By NATHAN TAYLOR
Like the state of Lake Simcoe itself, a new plan to protect the body of water is subject to change — something politicians and environmental groups see as a positive.
On Tuesday, the province unveiled the Lake Simcoe Protection Plan, which sets out goals to improve the health of the lake through measures including reducing phosphorus levels and protecting fish habitat.
“It’s certainly an improvement on what we had before. It’s an excellent indication that the province is listening to citizens’ concerns,” said Claire Malcolmson, co-ordinator of Environmental Defence’s Campaign Lake Simcoe.
The fact it is an adaptive plan means new regulations can be added, which is a good thing, she said.
Seven milligrams per litre of dissolved oxygen in the lake, which is necessary for the health of fish, is the target, Malcolmson said. That will help determine what developments are allowed. However, there’s no freeze on development, and that’s worrisome, she said.
“We’re a bit concerned that the implications of the phosphorus- reduction strategy may be shutting the barn door before the horse is bolted,” she said.
Areas of southern Lake Simcoe, including Aurora and Newmarket, for example, are in worse condition than some more northern spots, she said.
Gayle Wood, CAO of the Lake Simcoe Region Conservation Authority, was also optimistic about the adaptive plan.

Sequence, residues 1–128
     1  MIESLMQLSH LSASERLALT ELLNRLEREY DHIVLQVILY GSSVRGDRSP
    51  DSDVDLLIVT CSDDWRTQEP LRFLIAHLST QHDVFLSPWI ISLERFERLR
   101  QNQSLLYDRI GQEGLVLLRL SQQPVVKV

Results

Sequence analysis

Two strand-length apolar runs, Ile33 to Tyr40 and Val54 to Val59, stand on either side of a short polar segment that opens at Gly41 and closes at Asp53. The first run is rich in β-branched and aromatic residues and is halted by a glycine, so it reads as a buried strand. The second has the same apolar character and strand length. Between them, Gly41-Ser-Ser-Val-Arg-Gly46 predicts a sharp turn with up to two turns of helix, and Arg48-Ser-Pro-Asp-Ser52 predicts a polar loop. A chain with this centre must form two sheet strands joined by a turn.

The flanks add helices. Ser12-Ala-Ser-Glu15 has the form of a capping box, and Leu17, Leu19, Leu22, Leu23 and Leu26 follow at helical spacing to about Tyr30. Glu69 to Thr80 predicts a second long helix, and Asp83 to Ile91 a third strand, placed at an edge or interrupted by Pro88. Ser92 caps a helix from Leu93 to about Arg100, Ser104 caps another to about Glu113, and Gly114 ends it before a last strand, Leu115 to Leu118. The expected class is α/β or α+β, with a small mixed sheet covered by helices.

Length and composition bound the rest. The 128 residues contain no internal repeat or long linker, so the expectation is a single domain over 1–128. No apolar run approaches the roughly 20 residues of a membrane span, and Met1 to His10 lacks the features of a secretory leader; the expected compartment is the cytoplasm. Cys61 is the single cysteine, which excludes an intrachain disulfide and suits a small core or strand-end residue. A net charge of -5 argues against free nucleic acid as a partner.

“The environment is a constantly changing ecosystem,” she said, noting adaptation will be important as issues like climate change and invasive species evolve. “Having a provincial focus on protecting the health and quality of Lake Simcoe is extremely positive.”
Malcolmson was also pleased the plan “is stronger on climate change adaptation.”
Seeing the plan finalized was a proud moment for Simcoe North MPP Garfield Dunlop, who first advocated for a legislated protection plan for the lake.
“There’s not a lot of protection plans for lakes anywhere,” he said. “This is leading edge and could be used as a model in the country and in the United States as well.”
With about 100 kilometres of Lake Simcoe shoreline in his riding, Dunlop is “very proud of what’s happened.”
He said the plan strikes a good balance in addressing development issues and protecting and improving lake quality and fish habitat.
“You’re never going to keep everyone happy, 100%, but I think it’s a reasonable balance,” Dunlop said.
The provincial and federal governments will need to cooperatively fund the plan for it to be successful, he said, “because it’s going to take a tremendous amount of money to clean the lake up.”
In a press release, the province highlighted two key areas of the plan: immediate action on things like phosphorus reduction and targeting causes of stress on the lake, including invasive species and climate change.
“That’s what we asked for and that’s what we got,” Malcolmson said, “but we need to test it.”
Some clarification is needed, Wood said.
“We would need to sit down with the province… and have some discussion around specific financial roles and responsibilities of the conservation authority.”
A review of “phosphorus trading” also needs to be done, she said, to determine where the phosphorus is coming from and going.
Such a review would result in an understanding of how to most effectively use the funding.